ANA OJIN is a peer-reviewed, online publication that addresses current topics affecting nursing practice, research, education, and the wider health care sector.

Find Out More...

Letter to the Editor

  • A critical element of preparing competent nursing students, not mentioned in "Crisis in Competency: A Defining Moment in Nursing Education", is the need to eliminate barriers to recruiting and retaining nurse educators still engaging in clinical practice.

  • Continue Reading...
    View all Letters...

Using Telehealth to Deliver Nursing Case Management Services to HIV/AIDS Clients

m Bookmark and Share

Jennifer Lillibridge, RN, PhD
Barbara Hanna, RN, BSN, CCM


The purpose of this qualitative, descriptive study was to explore the use of telehealth technology to assist case managers to effectively manage their caseloads of HIV/AIDs clients, increase responsiveness to their clients’ changing medical conditions, and serve as a partial solution to the ongoing nursing shortage. Telehealth monitors were placed and used in the homes of six HIV/AIDS clients for a period of four months. Clients were interviewed following the removal of the telehealth equipment from the home. Findings clustered around the three major themes of missing the nurse, being satisfied, and drawbacks. The findings suggest that the use of telehealth technology has the potential to effectively assist case management and home health agencies manage their caseloads, increase responsiveness to a client’s changing medical conditions, and address the ongoing nursing shortage.

Citation: Lillibridge, J., Hanna, B. (November 26, 2008) "Using Telehealth to Deliver Nursing Case Management Services to HIV/AIDS Clients" OJIN: The Online Journal of Issues in Nursing Vol. 14 No.1

DOI: 10.3912/OJIN.Vol14No1PPT02

Keywords: e-health, e-nursing, HIV/AIDS, homecare, telehealth, telemedicine, technology, telenursing, telecare, telehomecare

The year 2006 marked the 25th year of the presence of Human Immunodeficiency Virus/Acquired Immune Deficiency Syndrome (HIV/AIDS) in the United States (US). Glynn and Rhodes (2005) predicted that by 2006, more than one million persons would be living with HIV/AIDS in the US, and an estimated 40,000 new HIV infections would occur during that year. Hall, Long, Phodes, and Prejean (2008) have now reported that the year 2006 actually saw 56,300 new cases of HIV infection. According to the Centers for Disease Control (CDC), the two fastest growing segments of the population at risk for contracting new infections are the men having sex with men (MSM) while using injectable drugs, and the heterosexual population (CDC, 2006).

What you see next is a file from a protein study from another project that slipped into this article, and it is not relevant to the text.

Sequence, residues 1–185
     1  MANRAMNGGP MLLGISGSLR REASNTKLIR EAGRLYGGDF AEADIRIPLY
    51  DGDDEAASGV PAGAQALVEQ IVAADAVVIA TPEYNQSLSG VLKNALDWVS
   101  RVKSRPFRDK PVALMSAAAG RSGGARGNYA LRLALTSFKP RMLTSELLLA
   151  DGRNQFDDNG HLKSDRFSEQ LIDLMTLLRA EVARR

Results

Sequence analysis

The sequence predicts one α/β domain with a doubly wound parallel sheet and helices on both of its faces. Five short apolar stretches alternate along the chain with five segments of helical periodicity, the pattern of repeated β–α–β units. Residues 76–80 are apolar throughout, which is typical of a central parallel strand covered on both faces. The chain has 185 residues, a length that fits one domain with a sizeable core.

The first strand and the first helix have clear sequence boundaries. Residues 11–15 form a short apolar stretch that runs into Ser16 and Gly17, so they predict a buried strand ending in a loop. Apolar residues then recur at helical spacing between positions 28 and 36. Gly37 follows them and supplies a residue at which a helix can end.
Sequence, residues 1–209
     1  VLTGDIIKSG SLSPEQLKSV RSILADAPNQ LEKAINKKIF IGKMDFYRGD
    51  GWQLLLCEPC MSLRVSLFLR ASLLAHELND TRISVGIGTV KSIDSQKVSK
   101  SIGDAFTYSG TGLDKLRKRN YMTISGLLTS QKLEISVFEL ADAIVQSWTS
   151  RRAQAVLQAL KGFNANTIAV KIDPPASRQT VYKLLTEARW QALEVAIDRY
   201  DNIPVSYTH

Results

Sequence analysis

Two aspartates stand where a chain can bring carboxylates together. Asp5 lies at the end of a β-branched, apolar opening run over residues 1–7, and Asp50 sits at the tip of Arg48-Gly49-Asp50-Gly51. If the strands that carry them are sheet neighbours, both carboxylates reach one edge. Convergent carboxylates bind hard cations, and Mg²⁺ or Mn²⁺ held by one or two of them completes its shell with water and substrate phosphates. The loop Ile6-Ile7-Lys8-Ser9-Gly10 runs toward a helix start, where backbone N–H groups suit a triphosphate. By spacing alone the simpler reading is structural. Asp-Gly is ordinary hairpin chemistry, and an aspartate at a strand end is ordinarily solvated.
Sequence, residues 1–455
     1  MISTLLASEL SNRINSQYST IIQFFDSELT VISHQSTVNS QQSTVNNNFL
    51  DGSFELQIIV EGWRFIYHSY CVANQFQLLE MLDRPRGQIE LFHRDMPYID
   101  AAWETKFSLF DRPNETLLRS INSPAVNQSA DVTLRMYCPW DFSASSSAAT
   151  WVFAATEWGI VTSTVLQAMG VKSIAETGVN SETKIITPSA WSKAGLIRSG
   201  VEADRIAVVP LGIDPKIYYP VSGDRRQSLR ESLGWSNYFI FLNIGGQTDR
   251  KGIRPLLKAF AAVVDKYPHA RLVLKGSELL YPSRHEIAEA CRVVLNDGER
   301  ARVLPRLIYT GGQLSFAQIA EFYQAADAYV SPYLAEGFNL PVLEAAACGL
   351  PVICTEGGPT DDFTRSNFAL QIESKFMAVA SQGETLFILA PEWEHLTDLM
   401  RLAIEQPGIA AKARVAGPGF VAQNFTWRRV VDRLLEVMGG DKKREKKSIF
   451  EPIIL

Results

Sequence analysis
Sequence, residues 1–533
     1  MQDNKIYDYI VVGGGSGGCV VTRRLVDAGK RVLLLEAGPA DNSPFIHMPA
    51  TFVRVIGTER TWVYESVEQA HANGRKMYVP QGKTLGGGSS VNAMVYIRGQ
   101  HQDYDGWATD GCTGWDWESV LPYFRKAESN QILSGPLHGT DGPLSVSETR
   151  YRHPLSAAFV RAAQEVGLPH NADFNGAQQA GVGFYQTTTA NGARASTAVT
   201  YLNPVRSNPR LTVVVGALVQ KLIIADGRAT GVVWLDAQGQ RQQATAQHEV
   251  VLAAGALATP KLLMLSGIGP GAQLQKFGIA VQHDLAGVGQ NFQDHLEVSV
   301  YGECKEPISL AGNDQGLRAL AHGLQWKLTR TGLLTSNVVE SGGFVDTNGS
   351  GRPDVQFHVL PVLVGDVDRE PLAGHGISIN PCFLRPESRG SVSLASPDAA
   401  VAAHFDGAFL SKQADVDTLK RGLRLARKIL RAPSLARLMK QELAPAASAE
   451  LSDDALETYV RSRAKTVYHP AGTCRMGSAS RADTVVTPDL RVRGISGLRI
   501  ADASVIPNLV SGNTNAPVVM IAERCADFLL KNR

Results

In the beginning of the HIV/AIDS epidemic, most persons became ill quickly and died within 18-24 months of initial diagnosis. However, with the advent of the protease inhibitors and other new medications, HIV/AIDS has become a medically complex, chronic disease (Scandlyn, 2000). HIV/AIDS clients today continue to require assistance with housing, mental health services, medication adherence, managing side effects of the medications, transportation to and from medical providers, and food subsidies. Coordination of care amongst medical and social service providers has become essential for these chronically ill clients.

...clients managing HIV/AIDS on a long-term basis, especially those in rural areas, have a difficult time obtaining healthcare and monitoring due to the shortage of nursing and other healthcare providers. Given the complexity of the disease process, HIV/AIDS clients often experience many co-morbidities. These co-morbidities may include changes in nutritional status leading to weight changes; fluctuations in blood pressure; and metabolic disorders, such as diabetes, due to co-existing treatment regimes. Opportunistic infections that need frequent intervention and monitoring also affect this group of individuals (Miller, 2000). Unfortunately, clients managing HIV/AIDS on a long-term basis, especially those in rural areas, have a difficult time obtaining healthcare and monitoring due to the shortage of nursing and other healthcare providers. A recurrent theme at the California Department of Public Health/Office of AIDS Case Management Program and Medi-Cal Waiver Program Project Directors meetings has been the lack of registered nursing staff to fill the available nursing case management positions throughout the state due to limited resources of providers/agencies and flat funding and/or funding restrictions for the programs (B. Hanna, personal communication, October 16, 2006). This article will describe telehealth nursing, present a study that explored the use of telehealth technology, report and discuss the study findings, and conclude that the use of telehealth technology has the potential to effectively assist case management and home health agencies manage their HIV/AIDS client caseloads, increase responsiveness to their clients’ changing medical conditions, and address the ongoing nursing shortage